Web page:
Starting off with the title track “Endure and Survive” Blaze sets sail on his conceptual journey on the right note, his vocals soaring above the fast paced chorus and dual melodic guitars plying their trade throughout. “Escape Velocity” continues along this path with pleasing effects. “Blood” too moves along driven by the double kick of the drums, but it is the almost ritual chanting of the lyrics that tends to hold up this song. It feels a bit staged rather than comfortably going along with the flow of the music, it comes across as stop start. As the middle of the song becomes the story telling part played by the characters involved, it just makes it hard to fully enjoy. However, it is the end of the song that proves to be the real mover, and shows where the direction should have been all along.
“Eating Lies” slows the album back to a lesser tempo, giving a different emphasis on the band and showing off Blaze’s vocals in different scenario. I still don’t know if I like this song or not. For the most part it doesn’t grab me, yet I do like Blaze coming through the quagmire into the emotive highs he can show, and once again the excellent guitaring by Chris Appleton is showcased in another solo spot that is worth rating the song on alone. “Destroyer” follows a similar path, in a way that is difficult to describe. There doesn’t seem to be much that is brilliant here, but a snatch of vocals and the majority of the guitar solos are terrific and make it worthwhile listening to. The best song on the album is “Dawn of the Dead Son”, one where all of the band are best utilised, and the music and vocalist come together in their best possible light. Its power metal guitar leanings give it the best sound of any song on the album, and Blaze also gives us the soar of his vocals that seem to be missing for the most part on this album. Great song.
The acoustic solitude of “Remember” is enjoyable enough, twinning together his frequent collaborators for another crack after their efforts on the preceding album. The song does have enough energy in the vocals to not make you completely lose your focus on what has come before it, but really it is only forgivable in the sense that it is a part of the story being told for the concept album itself. “Fight Back” brings the album back to life with its double kick and hard strumming rhythm, allowing Blaze to control the song with his vocals, and leave the open air for the excellent solo to chime in towards the end. “The World Is Turning the Wrong Way” chugs along more than gathering momentum, and while it is more than listenable it just feels like it is missing something. “Together We Can Move the Sun” is Blaze’s attempt at the epic closer, clocking in at over 8 minutes and combining the emphatic and soulful vocals mixed with the intrinsic guitar solo, before moving to the quiet and reflective take for the second half of the song. More’s the pity with the constant repeating of certain lyrics over and over, which just ends up becoming annoying rather than definitive. And of course, there is the spoken word element to close out the track, setting the story up for its conclusion to come in the third album of this concept trilogy.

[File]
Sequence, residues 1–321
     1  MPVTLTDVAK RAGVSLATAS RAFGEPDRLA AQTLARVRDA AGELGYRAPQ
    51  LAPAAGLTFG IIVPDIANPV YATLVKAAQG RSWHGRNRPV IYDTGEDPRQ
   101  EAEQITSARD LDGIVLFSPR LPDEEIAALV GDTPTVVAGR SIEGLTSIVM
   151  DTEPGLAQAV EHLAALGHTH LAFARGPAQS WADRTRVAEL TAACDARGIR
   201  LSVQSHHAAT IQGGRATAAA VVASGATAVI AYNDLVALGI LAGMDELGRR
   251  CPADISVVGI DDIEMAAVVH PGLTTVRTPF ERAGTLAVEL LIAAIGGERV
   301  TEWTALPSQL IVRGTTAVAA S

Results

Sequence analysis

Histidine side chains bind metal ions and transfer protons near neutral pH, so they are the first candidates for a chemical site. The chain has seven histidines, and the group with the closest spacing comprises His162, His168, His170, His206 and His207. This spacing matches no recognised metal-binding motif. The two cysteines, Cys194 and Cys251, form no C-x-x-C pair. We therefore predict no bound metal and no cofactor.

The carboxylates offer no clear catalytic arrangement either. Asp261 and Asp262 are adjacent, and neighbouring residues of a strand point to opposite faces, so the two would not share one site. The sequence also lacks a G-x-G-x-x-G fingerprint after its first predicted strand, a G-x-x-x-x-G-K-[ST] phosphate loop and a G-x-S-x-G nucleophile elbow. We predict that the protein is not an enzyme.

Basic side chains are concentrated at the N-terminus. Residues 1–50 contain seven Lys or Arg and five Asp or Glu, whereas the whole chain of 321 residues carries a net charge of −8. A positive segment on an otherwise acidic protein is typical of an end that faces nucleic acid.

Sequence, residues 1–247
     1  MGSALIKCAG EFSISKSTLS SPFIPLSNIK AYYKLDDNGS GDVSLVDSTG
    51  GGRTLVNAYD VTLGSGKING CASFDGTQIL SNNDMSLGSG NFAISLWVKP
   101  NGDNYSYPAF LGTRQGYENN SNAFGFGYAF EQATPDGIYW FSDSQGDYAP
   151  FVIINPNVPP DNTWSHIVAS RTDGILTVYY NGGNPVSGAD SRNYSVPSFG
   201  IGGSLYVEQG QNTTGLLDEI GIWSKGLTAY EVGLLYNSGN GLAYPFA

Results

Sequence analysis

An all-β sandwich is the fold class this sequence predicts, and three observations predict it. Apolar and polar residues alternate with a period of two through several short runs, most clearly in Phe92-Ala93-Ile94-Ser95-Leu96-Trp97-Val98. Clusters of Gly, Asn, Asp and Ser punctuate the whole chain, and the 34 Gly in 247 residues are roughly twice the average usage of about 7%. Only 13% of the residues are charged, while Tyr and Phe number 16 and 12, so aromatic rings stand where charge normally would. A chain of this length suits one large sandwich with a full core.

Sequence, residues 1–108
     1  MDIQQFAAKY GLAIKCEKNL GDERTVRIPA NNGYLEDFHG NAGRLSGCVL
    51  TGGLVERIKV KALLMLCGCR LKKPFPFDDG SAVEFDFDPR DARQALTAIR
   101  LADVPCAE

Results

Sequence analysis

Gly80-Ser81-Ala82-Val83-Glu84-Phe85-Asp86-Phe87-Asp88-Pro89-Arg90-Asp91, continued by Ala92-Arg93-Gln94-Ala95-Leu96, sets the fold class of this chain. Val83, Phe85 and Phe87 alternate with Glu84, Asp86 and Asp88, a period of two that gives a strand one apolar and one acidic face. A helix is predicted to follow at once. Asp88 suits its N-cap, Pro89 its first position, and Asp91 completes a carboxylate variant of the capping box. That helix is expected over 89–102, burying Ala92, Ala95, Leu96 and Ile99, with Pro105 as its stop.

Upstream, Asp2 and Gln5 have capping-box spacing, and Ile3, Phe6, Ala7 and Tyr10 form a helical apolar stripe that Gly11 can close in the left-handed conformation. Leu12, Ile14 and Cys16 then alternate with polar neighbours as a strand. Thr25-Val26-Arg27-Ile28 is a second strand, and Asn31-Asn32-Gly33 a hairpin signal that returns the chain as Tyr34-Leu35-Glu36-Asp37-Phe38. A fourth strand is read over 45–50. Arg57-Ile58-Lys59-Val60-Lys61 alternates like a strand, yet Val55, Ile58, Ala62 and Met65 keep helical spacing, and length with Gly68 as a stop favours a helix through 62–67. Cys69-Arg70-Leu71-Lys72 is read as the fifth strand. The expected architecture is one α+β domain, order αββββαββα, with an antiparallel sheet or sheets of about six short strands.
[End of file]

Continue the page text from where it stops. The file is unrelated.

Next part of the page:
As I have probably mentioned in the review for the preceding album, I am all for Blaze coming out with this concept idea and pursuing it in his own way and with his own style. As an artist it is great to see him still in the market place and making great music. But the trilogy idea is a difficult one to keep on track, especially if it tends to water down the style of music that you have garnered your fans with. Listening to this album for the past couple of weeks, I have found my enjoyment for it growing over that time. The problem is, when I have switched to another album to compare it with, such as Silicon Messiah or The Man Who Would Not Die there has been no comparison. They just metal up harder and faster, and it’s that style of Blaze’s music that I’ve always loved. It isn’t as prevalent now as it was. That will continue to be a stumbling block for me no matter how much I admire the man and his music.
Rating: It's no The Empire Strikes Back. 3.5/5